The vast majority of our patients had normal serum B-12 and folate levels prior to the start of therapy, which indicates that routine laboratory tests may not reveal a deficiency. It also suggests that our therapy was effective because vitamin B-12 was not being absorbed or utilized properly by individual cells.
Difficulties can arise at any point during metabolism of B-12, resulting in many negative effects on the body, including nerve damage. Potential problems can include:
–Transport failure-the B-12 does not make it through the cell wall from the bloodstream. This is problematic because once inside the cell, B-12 functions as a cofactor, which means that it helps start important chemical reactions that allow the cell to function.
–Failure to degrade completely-if the process of metabolism is working correctly, the B-12 compound is broken down in a series of reactions. When the enzymes (synthetase and reductase) that facilitate those reactions do not do their job, chemical byproducts can build up and nerve cells can be damaged.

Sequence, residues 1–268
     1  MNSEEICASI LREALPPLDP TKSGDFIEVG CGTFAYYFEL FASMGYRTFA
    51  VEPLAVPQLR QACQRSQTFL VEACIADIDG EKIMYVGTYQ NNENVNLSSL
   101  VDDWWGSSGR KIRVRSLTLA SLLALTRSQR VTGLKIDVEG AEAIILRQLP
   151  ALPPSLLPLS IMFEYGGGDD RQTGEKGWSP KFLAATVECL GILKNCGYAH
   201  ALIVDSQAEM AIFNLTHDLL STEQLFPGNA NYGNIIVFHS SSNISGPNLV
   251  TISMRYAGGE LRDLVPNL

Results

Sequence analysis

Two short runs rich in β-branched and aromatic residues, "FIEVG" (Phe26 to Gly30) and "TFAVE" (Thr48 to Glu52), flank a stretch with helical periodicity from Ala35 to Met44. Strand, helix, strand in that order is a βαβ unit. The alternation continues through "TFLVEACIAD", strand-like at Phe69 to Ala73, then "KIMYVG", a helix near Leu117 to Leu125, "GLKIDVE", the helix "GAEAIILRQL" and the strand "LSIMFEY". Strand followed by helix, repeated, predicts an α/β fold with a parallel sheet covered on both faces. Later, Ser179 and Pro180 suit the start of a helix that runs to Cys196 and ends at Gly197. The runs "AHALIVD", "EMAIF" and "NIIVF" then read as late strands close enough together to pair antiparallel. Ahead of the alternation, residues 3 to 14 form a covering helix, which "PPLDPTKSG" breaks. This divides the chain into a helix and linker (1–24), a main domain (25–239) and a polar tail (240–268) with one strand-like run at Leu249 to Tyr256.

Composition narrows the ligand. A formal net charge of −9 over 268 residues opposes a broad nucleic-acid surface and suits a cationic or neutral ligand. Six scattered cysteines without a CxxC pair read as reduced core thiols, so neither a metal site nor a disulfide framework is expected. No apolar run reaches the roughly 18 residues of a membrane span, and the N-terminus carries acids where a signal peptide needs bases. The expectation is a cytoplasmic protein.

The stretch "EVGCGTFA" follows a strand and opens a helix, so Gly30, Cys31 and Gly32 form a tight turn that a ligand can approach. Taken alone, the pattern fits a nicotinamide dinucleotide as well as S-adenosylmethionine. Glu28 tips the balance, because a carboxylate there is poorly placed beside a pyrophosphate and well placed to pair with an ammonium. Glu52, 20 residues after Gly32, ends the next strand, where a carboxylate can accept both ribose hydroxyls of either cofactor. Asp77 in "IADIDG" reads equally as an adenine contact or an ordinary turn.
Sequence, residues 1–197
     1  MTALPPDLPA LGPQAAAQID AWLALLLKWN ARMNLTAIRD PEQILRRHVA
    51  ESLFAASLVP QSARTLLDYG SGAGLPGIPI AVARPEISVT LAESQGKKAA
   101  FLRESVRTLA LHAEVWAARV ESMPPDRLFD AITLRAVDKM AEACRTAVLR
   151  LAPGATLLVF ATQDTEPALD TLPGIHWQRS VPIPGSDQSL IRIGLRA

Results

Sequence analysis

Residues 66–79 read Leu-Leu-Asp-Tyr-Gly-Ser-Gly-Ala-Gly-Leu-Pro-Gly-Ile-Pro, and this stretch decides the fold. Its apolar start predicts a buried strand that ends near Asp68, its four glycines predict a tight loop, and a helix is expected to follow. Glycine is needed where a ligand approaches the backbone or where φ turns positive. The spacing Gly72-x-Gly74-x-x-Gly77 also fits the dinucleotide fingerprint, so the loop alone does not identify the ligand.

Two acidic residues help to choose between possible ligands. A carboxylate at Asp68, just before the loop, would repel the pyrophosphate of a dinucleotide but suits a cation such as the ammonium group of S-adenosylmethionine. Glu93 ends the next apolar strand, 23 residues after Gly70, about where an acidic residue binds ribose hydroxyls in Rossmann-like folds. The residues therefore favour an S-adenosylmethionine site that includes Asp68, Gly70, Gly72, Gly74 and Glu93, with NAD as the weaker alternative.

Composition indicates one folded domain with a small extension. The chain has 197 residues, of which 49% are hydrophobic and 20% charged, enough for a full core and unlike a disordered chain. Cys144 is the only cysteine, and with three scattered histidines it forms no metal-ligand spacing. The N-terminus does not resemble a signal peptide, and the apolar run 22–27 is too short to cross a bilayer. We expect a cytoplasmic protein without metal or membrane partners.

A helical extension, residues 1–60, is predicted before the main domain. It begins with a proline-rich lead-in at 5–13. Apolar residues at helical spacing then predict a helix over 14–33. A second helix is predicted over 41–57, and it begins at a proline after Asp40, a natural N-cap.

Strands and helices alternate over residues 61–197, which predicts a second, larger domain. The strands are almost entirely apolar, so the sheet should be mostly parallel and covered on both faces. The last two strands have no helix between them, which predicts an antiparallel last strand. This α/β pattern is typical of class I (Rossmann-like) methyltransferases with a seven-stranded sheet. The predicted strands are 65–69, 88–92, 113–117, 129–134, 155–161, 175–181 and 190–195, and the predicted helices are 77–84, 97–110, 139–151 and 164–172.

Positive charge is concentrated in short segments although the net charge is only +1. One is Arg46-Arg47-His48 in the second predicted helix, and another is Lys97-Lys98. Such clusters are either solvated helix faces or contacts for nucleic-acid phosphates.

–Dietary insufficiency-this rarely happens because many of today’s processed foods are supplemented with vitamins, including B-12.
Studies from SpectraCell Laboratories using the EMA technique (which measures the metabolic response of a patient’s blood cells to individual nutrients) demonstrated that more than 70% of 66 individuals with chronic fatigue-not necessarily CFS-demonstrated B-12 deficiency, compared to about 40% of the normal population. It follows logically that individuals with chronic fatigue syndrome would also experience abnormalities in B-12 metabolism.
At The Cheney Clinic, we measured homocysteine and methylmalonate (organic acids that are elevated when B-12 is not metabolized properly by cells) in CFS patients. Homocysteine was elevated in 33% of the individuals tested, methylmalonate in 38%, and both were elevated in 13%. Thus, about one third of CFS cases could perhaps have symptoms attributable to B-12 deficiency.